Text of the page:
4. Overcome two-year-old caution with the “rule of 15.”
Being patient with cautiousness also brings rewards. Counterbalancing the variety instinct and tremendous adventurousness of a 12- to 21-month-old is an equally powerful and instinctive cautiousness that starts to show itself slightly later, around two years of age. It can drive parents crazy if they don’t know why it’s happening, and it may even make them give up on trying to introduce their children to healthy choices. But imagine yourself at age two in the long-ago past, when humans were hunter-gatherers. You are now able to move around independently, and perhaps you are encouraged to do so because your mother has a new baby on the way. While a small amount of something poisonous would probably not kill you, a whole meal might. A tendency to nibble something several times before making a whole meal of it would enable you to find out which wild foods were good to eat while also minimizing the chance of poisoning. Put in the context of our human ancestors, the cautiousness of a two-yearold makes perfect sense. What parents and caregivers need to do about this very basic instinct is be patient but persistent. Research studies have shown that it is necessary to offer a child of two years or older a particular food up to 15 times until it is accepted and enjoyed (Birch et al., 1990). Yes, there is some potential for food waste, but children’s portions are small. At home, parents can eat the food a child rejects themselves or freeze it for another meal. Don’t try to offer the food in question at every meal. Let it go for several days, then offer it again. It may be rejected again—and again—and it is very important to treat the rejection as inconsequential. By all means say, “Okay, I’ll eat it,” but don’t use bribery, threats, or active encouragement or you will encourage instinctive rejection. At some point the child will suddenly accept the new food, perhaps even eating a whole portion with gusto, without ever realizing that you wanted him to do so.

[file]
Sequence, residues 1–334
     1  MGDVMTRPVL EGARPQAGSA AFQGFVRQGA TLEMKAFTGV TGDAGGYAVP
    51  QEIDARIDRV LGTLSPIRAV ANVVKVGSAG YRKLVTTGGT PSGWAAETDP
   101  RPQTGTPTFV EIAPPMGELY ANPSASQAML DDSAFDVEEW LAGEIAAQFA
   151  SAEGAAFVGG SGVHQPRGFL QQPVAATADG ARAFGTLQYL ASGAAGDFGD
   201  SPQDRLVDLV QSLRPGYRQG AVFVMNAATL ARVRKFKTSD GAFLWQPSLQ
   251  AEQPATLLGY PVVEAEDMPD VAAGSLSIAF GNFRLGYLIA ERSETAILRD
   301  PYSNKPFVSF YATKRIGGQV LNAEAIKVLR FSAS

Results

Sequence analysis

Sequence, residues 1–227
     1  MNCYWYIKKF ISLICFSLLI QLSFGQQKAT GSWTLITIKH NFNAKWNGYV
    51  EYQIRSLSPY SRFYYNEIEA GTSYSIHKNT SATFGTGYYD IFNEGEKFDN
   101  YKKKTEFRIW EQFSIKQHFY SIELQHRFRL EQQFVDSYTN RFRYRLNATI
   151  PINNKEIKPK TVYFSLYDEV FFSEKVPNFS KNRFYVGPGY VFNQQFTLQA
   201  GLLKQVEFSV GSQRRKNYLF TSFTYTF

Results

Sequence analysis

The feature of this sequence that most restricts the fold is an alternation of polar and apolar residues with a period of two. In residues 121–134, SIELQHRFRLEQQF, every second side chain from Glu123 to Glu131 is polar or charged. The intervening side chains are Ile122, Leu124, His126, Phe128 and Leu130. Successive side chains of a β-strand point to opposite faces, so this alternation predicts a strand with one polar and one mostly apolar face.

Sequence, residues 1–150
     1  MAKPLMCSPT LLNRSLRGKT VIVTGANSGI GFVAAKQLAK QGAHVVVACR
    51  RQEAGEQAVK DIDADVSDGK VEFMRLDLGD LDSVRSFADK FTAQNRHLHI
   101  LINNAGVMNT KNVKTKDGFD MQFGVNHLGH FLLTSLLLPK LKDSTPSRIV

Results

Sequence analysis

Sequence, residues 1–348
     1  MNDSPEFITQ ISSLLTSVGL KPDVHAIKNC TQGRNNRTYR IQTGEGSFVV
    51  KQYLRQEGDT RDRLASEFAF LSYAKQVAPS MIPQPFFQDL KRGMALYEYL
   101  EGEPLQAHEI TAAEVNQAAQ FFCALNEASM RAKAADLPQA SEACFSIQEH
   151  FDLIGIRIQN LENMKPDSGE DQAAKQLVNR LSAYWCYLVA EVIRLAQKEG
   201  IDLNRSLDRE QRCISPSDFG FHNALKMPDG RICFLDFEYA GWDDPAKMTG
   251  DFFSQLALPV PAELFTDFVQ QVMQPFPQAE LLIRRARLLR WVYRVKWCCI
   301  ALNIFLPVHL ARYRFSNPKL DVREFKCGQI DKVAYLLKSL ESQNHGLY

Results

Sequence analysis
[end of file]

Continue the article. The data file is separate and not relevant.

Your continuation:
5. Create bridges of familiarity to speed acceptance of new foods.
Children, like adults, learn by comparing new experiences to their internal blueprint of familiar ones, and this is as true for foods as for other things in life (Gemilli, 1996). Appearance, taste and texture are all things a baby or child notices when given new food, and each item is compared to memories of already-familiar foods. Thus a child recognizes that roasted chicken is similar to grilled chicken, but understands that carrots are very different. By exploiting similarities, parents can gradually move a conservative child from one similar food to another and increase the repertoire of healthy foods with minimal fuss and bother. You can also build a bridge of familiarity to rescue a difficult food. At 18 months, Dr. Roberts’ daughter didn’t like roast chicken, a family favorite, and seemed about to prove an exception to the rule of 15. So she was switched to chicken nuggets and chicken with barbecue sauce and enjoyed them. Pretty soon she was enjoying roast chicken, too!
6. Expect imitation—of yourself, and others.